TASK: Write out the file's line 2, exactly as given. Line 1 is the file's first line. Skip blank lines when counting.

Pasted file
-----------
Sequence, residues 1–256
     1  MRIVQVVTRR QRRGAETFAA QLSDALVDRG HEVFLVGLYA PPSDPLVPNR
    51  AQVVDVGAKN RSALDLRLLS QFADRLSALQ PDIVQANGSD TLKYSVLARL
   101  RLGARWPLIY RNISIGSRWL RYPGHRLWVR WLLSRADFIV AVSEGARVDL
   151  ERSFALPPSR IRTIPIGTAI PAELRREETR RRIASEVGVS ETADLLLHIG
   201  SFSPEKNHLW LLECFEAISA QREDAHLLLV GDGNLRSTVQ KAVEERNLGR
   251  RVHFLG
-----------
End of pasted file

     1  MRIVQVVTRR QRRGAETFAA QLSDALVDRG HEVFLVGLYA PPSDPLVPNR